Tuesday, January 29, 2019

Playing Dante’s Inferno felt like being there

Take a simple dungeon crawl. Now, set it in Dante’s version of Hell. Finally, add the Catan economic system. That might sound cool but what we got was a complete, horrible mess.

Climbing into the Wayback Machine, I rediscovered Twilight Creation’s Dante’s Inferno, a game I apparently did my best to block out. A friend of mine got it around when it first came out. We were already familiar with Catan and we thought it was promising but we were done by our second play.

I have a weird opinion of Twilight Creations. I sincerely believe that they love what they do and are trying to give the world cool games. And I think they are willing to take chances. But so many of their games that I’ve tried seem like they need two more rounds of development.

And Dante’s Inferno is near the bottom of the heap for me. But not as bad ZombieTown. That was literally unplayable, although a horrible rulebook had a lot to do with that.

You steadily build a square spiral to the center of Hell where you try and defeat Lucifer. Each space has a number and resource and if one of your pawns is on a space, they can earn that resource Catan style and spend it on different effects.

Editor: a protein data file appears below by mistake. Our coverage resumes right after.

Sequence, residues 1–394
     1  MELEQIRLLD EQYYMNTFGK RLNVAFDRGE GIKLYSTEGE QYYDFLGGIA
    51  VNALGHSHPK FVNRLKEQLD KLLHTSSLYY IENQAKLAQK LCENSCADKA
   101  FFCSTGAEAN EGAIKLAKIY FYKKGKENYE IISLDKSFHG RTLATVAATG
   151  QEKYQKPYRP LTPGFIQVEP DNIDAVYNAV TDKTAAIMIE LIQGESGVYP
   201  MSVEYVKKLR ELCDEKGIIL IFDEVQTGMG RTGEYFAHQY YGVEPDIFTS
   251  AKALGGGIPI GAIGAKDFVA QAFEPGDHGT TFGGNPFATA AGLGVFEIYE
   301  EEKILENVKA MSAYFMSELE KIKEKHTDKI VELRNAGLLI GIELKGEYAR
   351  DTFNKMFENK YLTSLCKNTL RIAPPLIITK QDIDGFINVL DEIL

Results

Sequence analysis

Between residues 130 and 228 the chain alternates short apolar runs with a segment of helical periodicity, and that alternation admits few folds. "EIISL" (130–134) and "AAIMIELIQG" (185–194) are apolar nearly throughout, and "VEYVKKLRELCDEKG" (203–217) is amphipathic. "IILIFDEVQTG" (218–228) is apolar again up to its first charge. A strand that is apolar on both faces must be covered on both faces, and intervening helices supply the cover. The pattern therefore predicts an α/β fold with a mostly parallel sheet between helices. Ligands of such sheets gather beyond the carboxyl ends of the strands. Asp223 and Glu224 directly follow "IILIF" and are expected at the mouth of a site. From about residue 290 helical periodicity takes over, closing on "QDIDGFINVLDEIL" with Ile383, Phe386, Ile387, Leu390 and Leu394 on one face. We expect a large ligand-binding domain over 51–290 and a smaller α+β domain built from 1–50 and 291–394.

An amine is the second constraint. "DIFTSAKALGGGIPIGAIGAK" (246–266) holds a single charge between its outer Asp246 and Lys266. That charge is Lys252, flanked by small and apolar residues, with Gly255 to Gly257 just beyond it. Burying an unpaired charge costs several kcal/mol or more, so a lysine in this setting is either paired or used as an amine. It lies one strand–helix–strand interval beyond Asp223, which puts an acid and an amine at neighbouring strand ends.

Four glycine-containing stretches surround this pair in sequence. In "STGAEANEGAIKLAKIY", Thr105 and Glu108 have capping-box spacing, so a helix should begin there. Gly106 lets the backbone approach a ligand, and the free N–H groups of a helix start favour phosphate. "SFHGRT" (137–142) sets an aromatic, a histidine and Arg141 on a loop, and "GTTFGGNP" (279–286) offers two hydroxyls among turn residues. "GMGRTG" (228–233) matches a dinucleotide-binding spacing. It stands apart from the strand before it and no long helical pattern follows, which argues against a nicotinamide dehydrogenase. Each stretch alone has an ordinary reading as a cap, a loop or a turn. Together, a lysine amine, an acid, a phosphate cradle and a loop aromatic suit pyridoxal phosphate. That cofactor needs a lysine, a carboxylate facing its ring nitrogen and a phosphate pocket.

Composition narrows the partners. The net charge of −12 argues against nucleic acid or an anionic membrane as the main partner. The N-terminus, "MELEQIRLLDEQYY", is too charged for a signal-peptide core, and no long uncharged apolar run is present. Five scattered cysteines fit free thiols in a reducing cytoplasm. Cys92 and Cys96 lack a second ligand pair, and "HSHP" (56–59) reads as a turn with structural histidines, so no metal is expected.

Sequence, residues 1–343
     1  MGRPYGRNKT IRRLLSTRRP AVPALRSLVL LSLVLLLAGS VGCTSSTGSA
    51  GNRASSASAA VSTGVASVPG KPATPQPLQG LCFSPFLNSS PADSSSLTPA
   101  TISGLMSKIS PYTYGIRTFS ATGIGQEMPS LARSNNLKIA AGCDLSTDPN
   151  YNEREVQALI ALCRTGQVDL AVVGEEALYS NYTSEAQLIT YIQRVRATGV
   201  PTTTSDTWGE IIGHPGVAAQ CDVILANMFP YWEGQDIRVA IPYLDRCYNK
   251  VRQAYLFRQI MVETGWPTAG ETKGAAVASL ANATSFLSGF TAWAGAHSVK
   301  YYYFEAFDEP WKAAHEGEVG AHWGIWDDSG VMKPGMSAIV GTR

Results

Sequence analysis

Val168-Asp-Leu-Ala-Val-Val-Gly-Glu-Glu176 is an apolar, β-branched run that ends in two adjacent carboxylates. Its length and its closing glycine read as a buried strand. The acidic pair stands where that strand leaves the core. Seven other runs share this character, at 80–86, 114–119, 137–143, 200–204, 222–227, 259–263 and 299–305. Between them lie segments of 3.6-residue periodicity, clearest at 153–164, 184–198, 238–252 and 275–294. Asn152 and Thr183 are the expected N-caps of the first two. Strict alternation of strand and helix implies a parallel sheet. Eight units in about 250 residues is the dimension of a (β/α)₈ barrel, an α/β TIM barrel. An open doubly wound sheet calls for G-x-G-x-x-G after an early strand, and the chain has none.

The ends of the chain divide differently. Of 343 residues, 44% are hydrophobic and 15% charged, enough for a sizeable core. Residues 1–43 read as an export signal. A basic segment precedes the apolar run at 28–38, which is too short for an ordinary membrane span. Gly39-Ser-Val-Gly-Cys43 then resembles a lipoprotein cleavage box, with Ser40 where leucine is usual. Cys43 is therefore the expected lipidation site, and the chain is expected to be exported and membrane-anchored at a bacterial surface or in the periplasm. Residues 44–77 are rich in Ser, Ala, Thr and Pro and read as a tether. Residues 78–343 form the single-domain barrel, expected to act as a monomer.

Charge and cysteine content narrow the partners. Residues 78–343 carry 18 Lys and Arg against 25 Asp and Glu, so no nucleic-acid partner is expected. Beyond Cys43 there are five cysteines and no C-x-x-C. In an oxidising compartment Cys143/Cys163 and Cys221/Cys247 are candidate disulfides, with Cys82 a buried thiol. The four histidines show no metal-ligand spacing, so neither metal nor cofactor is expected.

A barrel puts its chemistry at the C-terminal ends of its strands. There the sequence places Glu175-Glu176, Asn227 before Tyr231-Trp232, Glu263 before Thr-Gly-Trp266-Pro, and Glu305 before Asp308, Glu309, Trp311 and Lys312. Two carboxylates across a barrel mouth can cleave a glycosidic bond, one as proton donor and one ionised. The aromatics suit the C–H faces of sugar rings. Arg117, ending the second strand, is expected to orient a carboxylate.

Back in the olden days, the game just ended up being a tedious slog. Now, older and more jaded- I mean wiser, I can see why Dante’s Inferno has so many problems.

The combat, which consisted of trying to rolling high on two dice, was simplistic and weighted against the players. (Which is thematic, seeing as how damned souls shouldn’t have much chance against demons, but still not fun) Fighting demons is something of a last resort but it should be more interesting.

And the Catan economic system doesn’t mesh well with the rest of the system. You don’t really set up an infrastructure, particularly since other players can force your pawns to move. Everyone’s resources are public knowledge and there are ways to directly attack the other players, so trading isn’t as desirable.

And the rulebook was so bad that we weren’t at first sure how you fought Lucifer (turns out the same as any other combat). And you had to collect and then spend resources to build the inner layers of Hell, turning just progressing into a slog. And- THERE WAS JUST SO MUCH THAT DIDN’T WORK!

If we had come across Dante’s Inferno a couple years later with a lot more games under our belt, we wouldn’t come near it. At the same time, I have a feeling if the game had been developed a couple years later, it wouldn’t have so many issues. Welding a Euro game structure to an adventure game theme was pretty experimental and daring for the time. I have to give credit where credit is due. But the experiment failed.

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